Focus on positive aspects of sports: Sachin, Bindra tell media
Mumbai: Two of India`s greatest sporting icons Sachin Tendulkar and Abhinav Bindra want the media to focus on the positive aspects of the games instead of dishing out incorrect things to the viewers and readers.
"From a sportsman`s point of view, as much positive information as possible needs to be given by the media to help them prepare better," Tendulkar said at an event In Mumbai on Tuesday.
"But sometimes there are things which actually have not happened. Sometimes there are speculations that there were fights in the team and seniors were not allowing juniors to settle. These are all rumours and that is why you sometimes feel (bad). If any incorrect information goes out in the public, there must be a line," the batting maestro said.
Bindra, who created history in 2008 at Beijing by shooting down India`s first and thus far only individual Olympic gold medal, endorsed his views.
"When I started playing the game I wanted to be like Mr (Sunil) Gavaskar and Vivian Richards, and set examples for others.
"Today morning, I went to the All India Under-16 football tournament final between Meghalaya and Odisha. (Indian football captain) Sunil Chhetri was there and it was wonderful to interact with him," said Tendulkar.
"These kinds of tournaments are important and the press has a big role to play by covering these sports and encouraging the youngsters."
Bindra recalled how a TV channel tried to interview him midway through his qualifying and final rounds in the 10m air rifle contest in Beijing and he was not happy.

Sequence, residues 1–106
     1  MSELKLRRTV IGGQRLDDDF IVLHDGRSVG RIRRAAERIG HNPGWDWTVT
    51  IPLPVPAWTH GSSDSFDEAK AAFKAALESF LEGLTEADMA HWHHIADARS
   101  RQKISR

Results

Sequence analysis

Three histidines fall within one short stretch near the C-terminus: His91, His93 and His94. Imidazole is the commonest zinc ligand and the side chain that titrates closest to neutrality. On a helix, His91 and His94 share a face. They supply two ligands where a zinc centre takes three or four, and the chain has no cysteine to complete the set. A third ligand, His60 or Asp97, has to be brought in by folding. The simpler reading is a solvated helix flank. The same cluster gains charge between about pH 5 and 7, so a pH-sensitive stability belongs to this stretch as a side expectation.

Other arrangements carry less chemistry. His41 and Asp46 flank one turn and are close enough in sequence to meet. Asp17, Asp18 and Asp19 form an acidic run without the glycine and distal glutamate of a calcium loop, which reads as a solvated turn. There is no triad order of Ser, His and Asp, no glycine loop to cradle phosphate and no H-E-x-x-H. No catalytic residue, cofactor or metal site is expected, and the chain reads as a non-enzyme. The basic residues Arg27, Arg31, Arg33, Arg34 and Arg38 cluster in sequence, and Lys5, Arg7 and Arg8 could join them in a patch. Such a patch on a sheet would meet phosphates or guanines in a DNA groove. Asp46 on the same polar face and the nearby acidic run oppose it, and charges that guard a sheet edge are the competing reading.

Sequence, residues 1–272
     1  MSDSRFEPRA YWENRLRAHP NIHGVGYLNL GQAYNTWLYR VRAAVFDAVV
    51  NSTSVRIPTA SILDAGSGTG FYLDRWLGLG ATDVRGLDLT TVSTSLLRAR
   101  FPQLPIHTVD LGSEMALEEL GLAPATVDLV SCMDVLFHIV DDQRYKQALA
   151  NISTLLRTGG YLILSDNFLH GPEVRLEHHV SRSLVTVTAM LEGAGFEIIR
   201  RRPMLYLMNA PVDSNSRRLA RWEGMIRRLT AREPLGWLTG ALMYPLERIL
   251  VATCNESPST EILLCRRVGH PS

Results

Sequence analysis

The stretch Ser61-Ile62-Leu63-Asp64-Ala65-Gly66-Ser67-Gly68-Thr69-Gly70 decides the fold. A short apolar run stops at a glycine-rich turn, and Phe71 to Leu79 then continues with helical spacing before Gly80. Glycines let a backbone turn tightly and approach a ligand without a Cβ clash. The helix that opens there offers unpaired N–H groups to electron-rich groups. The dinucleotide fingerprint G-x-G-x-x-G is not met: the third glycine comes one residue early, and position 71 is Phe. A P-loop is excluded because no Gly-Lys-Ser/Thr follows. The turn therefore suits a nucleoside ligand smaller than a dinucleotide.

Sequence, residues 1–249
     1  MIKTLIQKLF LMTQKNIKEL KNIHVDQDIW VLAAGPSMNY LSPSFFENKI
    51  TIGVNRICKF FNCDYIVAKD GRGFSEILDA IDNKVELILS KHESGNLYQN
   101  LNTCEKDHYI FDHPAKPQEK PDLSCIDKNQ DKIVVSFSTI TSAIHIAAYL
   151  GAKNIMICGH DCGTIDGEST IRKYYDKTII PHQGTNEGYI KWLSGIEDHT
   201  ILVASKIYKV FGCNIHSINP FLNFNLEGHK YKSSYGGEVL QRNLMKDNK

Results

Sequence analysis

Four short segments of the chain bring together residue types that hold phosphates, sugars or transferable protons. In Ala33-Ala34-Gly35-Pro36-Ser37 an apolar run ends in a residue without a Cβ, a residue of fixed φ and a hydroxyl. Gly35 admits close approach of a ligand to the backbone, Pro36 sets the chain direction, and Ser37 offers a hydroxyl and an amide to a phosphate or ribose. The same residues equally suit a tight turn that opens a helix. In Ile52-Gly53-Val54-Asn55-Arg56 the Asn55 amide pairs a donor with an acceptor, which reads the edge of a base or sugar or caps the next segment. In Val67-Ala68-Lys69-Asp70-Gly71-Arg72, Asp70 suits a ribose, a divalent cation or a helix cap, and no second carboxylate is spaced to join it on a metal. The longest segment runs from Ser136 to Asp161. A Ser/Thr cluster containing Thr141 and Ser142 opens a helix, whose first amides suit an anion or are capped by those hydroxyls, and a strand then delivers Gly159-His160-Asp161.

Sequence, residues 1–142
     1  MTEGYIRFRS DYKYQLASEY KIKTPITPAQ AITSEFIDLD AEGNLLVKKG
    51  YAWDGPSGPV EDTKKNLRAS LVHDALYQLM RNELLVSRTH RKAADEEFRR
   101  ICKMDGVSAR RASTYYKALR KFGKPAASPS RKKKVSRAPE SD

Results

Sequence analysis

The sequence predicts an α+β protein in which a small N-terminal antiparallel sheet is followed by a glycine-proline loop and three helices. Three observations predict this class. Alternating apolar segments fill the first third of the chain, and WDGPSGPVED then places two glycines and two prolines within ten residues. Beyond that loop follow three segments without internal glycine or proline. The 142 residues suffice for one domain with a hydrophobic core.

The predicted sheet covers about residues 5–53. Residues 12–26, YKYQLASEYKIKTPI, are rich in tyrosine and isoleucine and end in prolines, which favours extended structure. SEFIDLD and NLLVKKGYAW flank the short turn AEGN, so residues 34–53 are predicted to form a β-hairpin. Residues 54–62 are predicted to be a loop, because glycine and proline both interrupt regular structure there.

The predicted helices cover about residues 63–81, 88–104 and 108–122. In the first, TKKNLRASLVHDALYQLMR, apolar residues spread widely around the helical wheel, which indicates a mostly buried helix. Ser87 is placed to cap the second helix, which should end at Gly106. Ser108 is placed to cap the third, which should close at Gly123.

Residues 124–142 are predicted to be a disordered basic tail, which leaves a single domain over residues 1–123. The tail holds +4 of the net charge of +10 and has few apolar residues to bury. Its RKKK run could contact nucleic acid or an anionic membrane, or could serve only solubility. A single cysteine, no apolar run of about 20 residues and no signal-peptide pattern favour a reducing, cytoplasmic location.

"I have a love-hate relationship with the media. It`s important for the media to be sensitive to the sportsmen`s needs. I would not like to be hounded by the media.”
"In Beijing, one of the TV channels wanted to interview me after I qualified for the finals (scheduled later in the day) in the 20-25 minutes break and I gave them a dirty look," said the ace shooter.
Bindra said most of the things written about him in the media after his historic moment five years ago were incorrect.
"I was described as a very calm person in the articles but I am a hyperactive person and very nervous. I used to hate all kinds of sport till the age of 10 or 11 when I was in a boarding school. After I shifted to Chandigarh I was forced to take up a sport and since I was a fat kid and did not want to move much, took to shooting," said Bindra.
"But once I took to the sport I worked very hard."
Tendulkar revealed how after the Indian squad's 2007 triumph in the T20 World Cup in South Africa, a win he was not a part of, some of the team members called him during the motorcade from the Mumbai airport to the Wankhede Stadium and asked to join them in the open-topped bus, but he declined.
"It is your day, I told them," Tendulkar recalled and added that when the phone call came he was inside his car and the bus was being driven over a flyover above him in suburban Bandra.
Talks turned to how he had negotiated Australian leg spin great Shane Warne in the 1997-98 series.
"I faced him in the match at Mumbai, when we beat them in two and a half days, and hit a century. In that match he did not bowl to me even once from around the wicket. But I knew at a crunch time in the Test match he would do so and I was prepared for it."
Asked which batsmen he admired the most, he named Brian Lara, Jacques Kallis and Ricky Ponting --from overseas -- and Virender Sehwag, Yuvraj Singh and Mahendra Singh Dhoni from India.
Asked about Bindra's achievement, Tendulkar said when the historic moment in Indian sports happened he was in Sri Lanka with the cricket team.
"I was in Sri Lanka and we were playing a match. When we came to know about it, the first time a gold medal has been won in 88 years or so, we were very excited. To win a medal in Olympic Games that come once in four years you have to be focused and disciplined," the champion cricketer.
"Tendulkar has been a hero and a huge inspiration for me," said Bindra.